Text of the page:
"The API of Me" in the age of AI
How do we control what we share with AI models? An API could help, if we get beyond the design challenges. Read: "Everything Starts Out Looking Like a Toy" #173
Hi, I’m Greg 👋! I write weekly product essays, including system “handshakes”, the expectations for workflow, and the jobs to be done for data. What is Data Operations? was the first post in the series.
This week’s toy: as you think about purchasing holiday gifts, consider toys that will last a lifetime. That doesn’t necessarily mean buying indestructible toys, and it does mean thinking about toys that promote creativity. Edition 173 of this newsletter is here - it’s November 27, 2023.
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The Big Idea
A short long-form essay about data things
⚙️ "The API of Me" in the age of AI
Our computing ability intersects with our own personal dataset to create new and differentiated solutions with AI at the center. But it’s confusing to know whether it’s safe or dangerous to interact with these solutions.
How do we know what we’re sharing? These systems are in a cloud environment that we don’t control and are subject to a user agreement that most non-lawyers will have trouble comprehending.
About a decade ago I wrote an essay on the API of Me - a description of how we could take back control of our personal preferences while keeping space for commercial use.
What is “an API of Me”?
An API is an Application Programming Interface - a way for computers to speak to each other and share a “handshake” that allows them to broadcast how they will request and respond to information.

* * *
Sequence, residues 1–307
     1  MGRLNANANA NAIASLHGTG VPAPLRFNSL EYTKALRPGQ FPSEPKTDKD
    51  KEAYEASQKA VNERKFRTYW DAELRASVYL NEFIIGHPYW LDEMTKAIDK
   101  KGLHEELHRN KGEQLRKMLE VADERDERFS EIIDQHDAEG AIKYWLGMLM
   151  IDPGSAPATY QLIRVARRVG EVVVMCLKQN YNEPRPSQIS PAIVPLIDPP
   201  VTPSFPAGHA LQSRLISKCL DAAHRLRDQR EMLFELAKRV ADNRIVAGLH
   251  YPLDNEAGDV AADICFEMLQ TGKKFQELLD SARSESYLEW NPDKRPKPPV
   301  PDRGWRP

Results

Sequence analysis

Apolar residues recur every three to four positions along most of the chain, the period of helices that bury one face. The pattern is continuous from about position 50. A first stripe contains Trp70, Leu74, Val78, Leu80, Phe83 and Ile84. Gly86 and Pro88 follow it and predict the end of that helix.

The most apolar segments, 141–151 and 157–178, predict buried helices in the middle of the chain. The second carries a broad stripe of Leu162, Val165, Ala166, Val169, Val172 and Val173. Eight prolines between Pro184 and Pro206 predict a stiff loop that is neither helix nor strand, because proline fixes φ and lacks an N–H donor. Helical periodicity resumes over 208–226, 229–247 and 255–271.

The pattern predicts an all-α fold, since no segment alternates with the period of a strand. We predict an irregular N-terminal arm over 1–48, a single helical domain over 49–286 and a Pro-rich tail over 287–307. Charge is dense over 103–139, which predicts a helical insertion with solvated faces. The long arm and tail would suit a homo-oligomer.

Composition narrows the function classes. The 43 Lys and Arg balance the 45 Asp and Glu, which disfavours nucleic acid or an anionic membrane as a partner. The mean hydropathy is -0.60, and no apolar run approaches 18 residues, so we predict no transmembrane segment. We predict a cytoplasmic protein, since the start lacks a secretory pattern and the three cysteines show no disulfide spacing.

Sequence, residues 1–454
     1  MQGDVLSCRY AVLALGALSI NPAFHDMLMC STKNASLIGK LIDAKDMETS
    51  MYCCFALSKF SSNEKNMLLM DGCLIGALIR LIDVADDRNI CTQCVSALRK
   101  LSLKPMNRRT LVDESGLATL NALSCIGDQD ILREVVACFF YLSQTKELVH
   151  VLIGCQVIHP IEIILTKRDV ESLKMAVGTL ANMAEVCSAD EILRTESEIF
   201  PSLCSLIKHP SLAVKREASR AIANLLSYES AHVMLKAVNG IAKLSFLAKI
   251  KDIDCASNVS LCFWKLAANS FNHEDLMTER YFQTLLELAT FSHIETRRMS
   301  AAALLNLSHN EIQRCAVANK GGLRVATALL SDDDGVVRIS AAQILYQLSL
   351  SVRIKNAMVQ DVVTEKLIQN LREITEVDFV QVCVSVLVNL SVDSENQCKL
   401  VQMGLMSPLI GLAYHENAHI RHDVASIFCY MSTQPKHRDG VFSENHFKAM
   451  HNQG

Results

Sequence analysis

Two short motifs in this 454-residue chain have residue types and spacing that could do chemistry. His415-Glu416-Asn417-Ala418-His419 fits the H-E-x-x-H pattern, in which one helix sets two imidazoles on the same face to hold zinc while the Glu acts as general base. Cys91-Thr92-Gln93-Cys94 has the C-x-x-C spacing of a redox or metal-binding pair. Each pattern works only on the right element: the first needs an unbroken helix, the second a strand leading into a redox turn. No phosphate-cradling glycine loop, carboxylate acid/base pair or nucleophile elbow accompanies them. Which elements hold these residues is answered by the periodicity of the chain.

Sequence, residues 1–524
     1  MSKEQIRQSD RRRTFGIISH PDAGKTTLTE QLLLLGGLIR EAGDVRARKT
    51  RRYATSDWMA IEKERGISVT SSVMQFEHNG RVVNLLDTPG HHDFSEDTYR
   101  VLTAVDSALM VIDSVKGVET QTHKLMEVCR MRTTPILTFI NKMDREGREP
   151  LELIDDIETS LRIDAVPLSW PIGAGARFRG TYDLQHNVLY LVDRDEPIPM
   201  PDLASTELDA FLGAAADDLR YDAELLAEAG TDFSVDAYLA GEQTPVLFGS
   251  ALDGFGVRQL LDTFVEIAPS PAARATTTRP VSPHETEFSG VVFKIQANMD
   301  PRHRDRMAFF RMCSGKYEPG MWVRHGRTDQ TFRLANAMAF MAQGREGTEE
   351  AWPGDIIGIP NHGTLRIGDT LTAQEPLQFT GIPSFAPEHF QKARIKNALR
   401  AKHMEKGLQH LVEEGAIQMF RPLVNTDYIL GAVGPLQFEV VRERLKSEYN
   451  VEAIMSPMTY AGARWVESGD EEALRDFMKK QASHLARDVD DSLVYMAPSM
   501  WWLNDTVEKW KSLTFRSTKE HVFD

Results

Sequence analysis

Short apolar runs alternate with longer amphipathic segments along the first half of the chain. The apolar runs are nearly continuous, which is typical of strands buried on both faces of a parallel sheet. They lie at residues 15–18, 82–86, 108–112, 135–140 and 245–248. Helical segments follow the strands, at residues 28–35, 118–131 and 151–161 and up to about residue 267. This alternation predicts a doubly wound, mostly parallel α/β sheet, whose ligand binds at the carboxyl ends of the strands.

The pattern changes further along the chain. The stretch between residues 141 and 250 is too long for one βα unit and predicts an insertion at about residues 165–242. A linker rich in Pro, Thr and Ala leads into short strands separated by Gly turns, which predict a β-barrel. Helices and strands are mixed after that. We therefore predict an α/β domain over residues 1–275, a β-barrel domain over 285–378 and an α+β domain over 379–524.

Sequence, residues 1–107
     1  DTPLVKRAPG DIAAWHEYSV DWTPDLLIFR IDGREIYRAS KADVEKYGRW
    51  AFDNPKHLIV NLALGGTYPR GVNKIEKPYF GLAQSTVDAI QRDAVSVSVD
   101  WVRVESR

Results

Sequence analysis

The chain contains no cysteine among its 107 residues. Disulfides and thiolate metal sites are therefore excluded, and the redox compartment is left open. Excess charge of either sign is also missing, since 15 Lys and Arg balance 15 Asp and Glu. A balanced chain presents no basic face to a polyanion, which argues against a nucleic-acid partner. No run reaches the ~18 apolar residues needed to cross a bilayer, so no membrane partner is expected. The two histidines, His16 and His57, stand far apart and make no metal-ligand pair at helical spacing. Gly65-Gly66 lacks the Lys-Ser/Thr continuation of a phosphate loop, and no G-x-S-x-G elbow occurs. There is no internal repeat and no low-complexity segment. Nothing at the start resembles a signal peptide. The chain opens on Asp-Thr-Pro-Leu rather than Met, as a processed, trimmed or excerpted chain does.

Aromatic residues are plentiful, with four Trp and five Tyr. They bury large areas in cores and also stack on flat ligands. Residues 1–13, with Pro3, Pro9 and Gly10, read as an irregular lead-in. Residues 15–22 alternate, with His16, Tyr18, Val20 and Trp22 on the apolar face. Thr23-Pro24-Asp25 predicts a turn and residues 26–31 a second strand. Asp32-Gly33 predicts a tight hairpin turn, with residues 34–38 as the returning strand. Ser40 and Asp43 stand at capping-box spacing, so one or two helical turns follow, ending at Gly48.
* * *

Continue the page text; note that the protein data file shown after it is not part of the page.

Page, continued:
Understanding the information blueprint provided by an API lets you know how to communicate with another system.
There’s a lot of stuff going on in the background when we use these systems. I believe we need to design these interfaces to better direct consumer choice to match the outcomes they want.
As consumers, we don’t have an easy way of expressing our preferences across applications, devices, and situations. We use operating system preferences (Apple or Android), application preferences (depending on an individual application), and add-on preferences (ad blockers or VPN programs).
We need a solution that takes our preferences into account.
Why does this matter?
AI models will soon be present on local, private devices. Understanding the data contract we make with applications is even more important when we think about the data we’re sharing intentionally and inadvertently.
The original essay made points that resonate today:
Online identity is controlled by companies, not individuals
People have a right to know how their information is being used
Companies need to share how customer information is being used
Customers need a way to control the information they share with companies
We need to minimize the inappropriate use of this information
Authentication and authorization shouldn’t depend on a single source
A decade later, these questions are not solved.
We have many of the parts we would need to create a solution that lets people understand and control the information they share with the larger world while maintaining the ability to build commercial products on top of this structure.
Towards an API of Me
If we wanted to build an API of Me today, what are some key building blocks to address?
Learning and usability - The biggest obstacle to an “API of me” is a design hurdle.
It’s confusing to know what information you are making available, for what period of time, to whom, and where it might be used.